Media Advisory 09-006
Experience the Nano World
More than 200 public events planned for this year's Nano Days
March 25, 2009
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From Puerto Rico to Montana, museums, universities and research centers are gearing up for one of the largest outreach efforts ever attempted for educating the public about science and engineering at the nanoscale, a barely conceivable environment where one can manipulate objects as small as a single atom.
To bring nanoscale research directly to the public, the 2009 Nano Days events will run from March 28 through April 5, 2009, with activities such as hands-on experiments, nanotechnology product demonstrations, forums, laboratory tours and in at least one museum, juggling.
At the nanoscale, some materials are more reactive and can exhibit extraordinary properties, leading many scientists and engineers to believe advances in nanotechnology may bolster the U.S. economy and help the nation meet such challenges as affordable clean energy and personalized drugs. Already, many products on the market-from stain-repellant clothing to sun screens-incorporate nanotechnology.
Organized by the Nanoscale Informal Science Education Network (NISE Net)--created in 2005 with a grant from the National Science Foundation--Nano Days involves more than 200 different sites, an effort spearheaded by the Museum of Science in Boston, the Science Museum of Minnesota and San Francisco's Exploratorium.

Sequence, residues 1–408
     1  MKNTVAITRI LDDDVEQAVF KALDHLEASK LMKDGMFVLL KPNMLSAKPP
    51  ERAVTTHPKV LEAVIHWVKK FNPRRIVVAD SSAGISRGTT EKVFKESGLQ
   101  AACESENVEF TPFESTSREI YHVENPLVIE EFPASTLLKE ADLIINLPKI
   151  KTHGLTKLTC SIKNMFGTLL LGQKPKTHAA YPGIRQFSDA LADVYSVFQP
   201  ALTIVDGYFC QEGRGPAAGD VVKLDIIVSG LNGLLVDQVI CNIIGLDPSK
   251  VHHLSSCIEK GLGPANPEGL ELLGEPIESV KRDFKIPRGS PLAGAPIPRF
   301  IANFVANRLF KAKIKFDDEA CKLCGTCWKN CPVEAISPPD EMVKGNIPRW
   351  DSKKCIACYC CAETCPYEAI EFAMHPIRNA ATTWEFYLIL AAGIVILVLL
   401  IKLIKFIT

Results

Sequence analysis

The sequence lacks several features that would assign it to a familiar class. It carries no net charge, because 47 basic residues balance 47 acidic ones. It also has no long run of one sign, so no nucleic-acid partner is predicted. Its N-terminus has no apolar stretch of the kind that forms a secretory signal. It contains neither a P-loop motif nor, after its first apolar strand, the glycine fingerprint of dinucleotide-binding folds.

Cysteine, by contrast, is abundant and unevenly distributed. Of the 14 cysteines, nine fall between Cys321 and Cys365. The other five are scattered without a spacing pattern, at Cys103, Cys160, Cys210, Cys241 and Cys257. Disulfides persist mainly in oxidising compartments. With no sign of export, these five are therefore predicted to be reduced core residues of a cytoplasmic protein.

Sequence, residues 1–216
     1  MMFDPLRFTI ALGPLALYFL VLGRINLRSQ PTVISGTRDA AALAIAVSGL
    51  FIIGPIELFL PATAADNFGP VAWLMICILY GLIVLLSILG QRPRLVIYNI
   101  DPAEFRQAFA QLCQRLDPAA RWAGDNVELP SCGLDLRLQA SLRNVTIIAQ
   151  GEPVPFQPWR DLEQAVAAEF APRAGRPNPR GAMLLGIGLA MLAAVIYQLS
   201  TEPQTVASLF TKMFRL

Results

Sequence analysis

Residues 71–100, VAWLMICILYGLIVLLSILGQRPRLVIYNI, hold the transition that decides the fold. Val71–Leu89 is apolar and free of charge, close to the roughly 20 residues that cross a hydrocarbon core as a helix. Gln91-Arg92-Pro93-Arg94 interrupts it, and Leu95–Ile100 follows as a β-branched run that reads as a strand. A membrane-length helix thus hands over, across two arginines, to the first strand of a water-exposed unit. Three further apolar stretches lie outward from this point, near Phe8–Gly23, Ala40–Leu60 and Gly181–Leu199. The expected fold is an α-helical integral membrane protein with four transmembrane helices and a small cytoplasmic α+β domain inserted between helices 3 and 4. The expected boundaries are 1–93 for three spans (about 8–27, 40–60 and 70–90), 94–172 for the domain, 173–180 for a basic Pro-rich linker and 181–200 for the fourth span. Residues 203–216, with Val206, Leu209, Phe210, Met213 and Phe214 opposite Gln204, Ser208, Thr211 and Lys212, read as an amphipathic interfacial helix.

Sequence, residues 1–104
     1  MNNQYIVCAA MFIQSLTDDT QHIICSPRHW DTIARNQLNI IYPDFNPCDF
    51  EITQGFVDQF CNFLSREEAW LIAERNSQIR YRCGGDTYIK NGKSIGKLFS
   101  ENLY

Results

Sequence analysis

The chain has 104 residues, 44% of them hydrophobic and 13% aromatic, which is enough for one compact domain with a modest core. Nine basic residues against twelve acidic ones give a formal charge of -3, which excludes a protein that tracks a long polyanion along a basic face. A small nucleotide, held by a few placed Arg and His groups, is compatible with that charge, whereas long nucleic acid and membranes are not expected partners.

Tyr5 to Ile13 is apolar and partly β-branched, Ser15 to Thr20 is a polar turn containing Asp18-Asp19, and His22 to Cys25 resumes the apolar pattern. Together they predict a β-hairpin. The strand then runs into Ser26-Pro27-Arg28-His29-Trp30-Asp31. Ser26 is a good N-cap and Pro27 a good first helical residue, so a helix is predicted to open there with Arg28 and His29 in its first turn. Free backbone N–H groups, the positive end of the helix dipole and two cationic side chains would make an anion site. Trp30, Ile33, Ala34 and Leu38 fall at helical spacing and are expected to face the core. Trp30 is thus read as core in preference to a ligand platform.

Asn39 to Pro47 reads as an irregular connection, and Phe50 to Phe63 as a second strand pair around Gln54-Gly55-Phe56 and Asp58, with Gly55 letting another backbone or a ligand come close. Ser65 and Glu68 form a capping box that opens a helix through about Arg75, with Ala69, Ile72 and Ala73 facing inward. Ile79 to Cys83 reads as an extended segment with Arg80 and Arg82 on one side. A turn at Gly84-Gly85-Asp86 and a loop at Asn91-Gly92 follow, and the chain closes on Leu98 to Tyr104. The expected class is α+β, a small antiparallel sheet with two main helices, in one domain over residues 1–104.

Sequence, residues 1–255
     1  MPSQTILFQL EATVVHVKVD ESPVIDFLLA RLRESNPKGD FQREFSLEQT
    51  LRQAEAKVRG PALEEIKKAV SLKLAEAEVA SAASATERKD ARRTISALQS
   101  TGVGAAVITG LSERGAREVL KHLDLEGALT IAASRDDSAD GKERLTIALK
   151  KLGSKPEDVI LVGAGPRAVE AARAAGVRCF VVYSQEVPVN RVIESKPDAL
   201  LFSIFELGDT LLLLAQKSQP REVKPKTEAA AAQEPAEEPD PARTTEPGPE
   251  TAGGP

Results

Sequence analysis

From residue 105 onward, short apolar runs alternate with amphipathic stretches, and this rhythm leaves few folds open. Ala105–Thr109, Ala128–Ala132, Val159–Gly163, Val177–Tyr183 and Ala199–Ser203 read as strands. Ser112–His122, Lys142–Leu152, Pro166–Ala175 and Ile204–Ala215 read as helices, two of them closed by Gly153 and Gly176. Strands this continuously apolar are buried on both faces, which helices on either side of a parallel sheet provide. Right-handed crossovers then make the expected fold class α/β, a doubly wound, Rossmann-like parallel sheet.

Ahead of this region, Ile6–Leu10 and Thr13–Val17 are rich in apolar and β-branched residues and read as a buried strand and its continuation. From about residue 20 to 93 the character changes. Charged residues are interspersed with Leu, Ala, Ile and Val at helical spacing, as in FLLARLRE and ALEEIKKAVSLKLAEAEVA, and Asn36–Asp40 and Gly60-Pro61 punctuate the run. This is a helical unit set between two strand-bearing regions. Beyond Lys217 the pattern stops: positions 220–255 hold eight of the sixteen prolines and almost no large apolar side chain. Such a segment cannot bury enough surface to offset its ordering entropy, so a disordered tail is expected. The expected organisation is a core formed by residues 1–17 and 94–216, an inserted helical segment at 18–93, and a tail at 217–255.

More than 200 institutions across the country will celebrate Nano Days 2009.
Credit and Larger Version
Joshua A. Chamot, NSF, (703) 292-7730, email: firstname.lastname@example.org
Ken Vest, National Nanotechnology Coordination Office, (703) 292-4503, email: email@example.com
Margaret Glass, Association of Science-Technology Centers, (202) 783-7200, email: firstname.lastname@example.org
Larry Bell, Museum of Science, Boston, (617) 589-0282, email: email@example.com
The U.S. National Science Foundation propels the nation forward by advancing fundamental research in all fields of science and engineering. NSF supports research and people by providing facilities, instruments and funding to support their ingenuity and sustain the U.S. as a global leader in research and innovation. With a fiscal year 2023 budget of $9.5 billion, NSF funds reach all 50 states through grants to nearly 2,000 colleges, universities and institutions. Each year, NSF receives more than 40,000 competitive proposals and makes about 11,000 new awards. Those awards include support for cooperative research with industry, Arctic and Antarctic research and operations, and U.S. participation in international scientific efforts.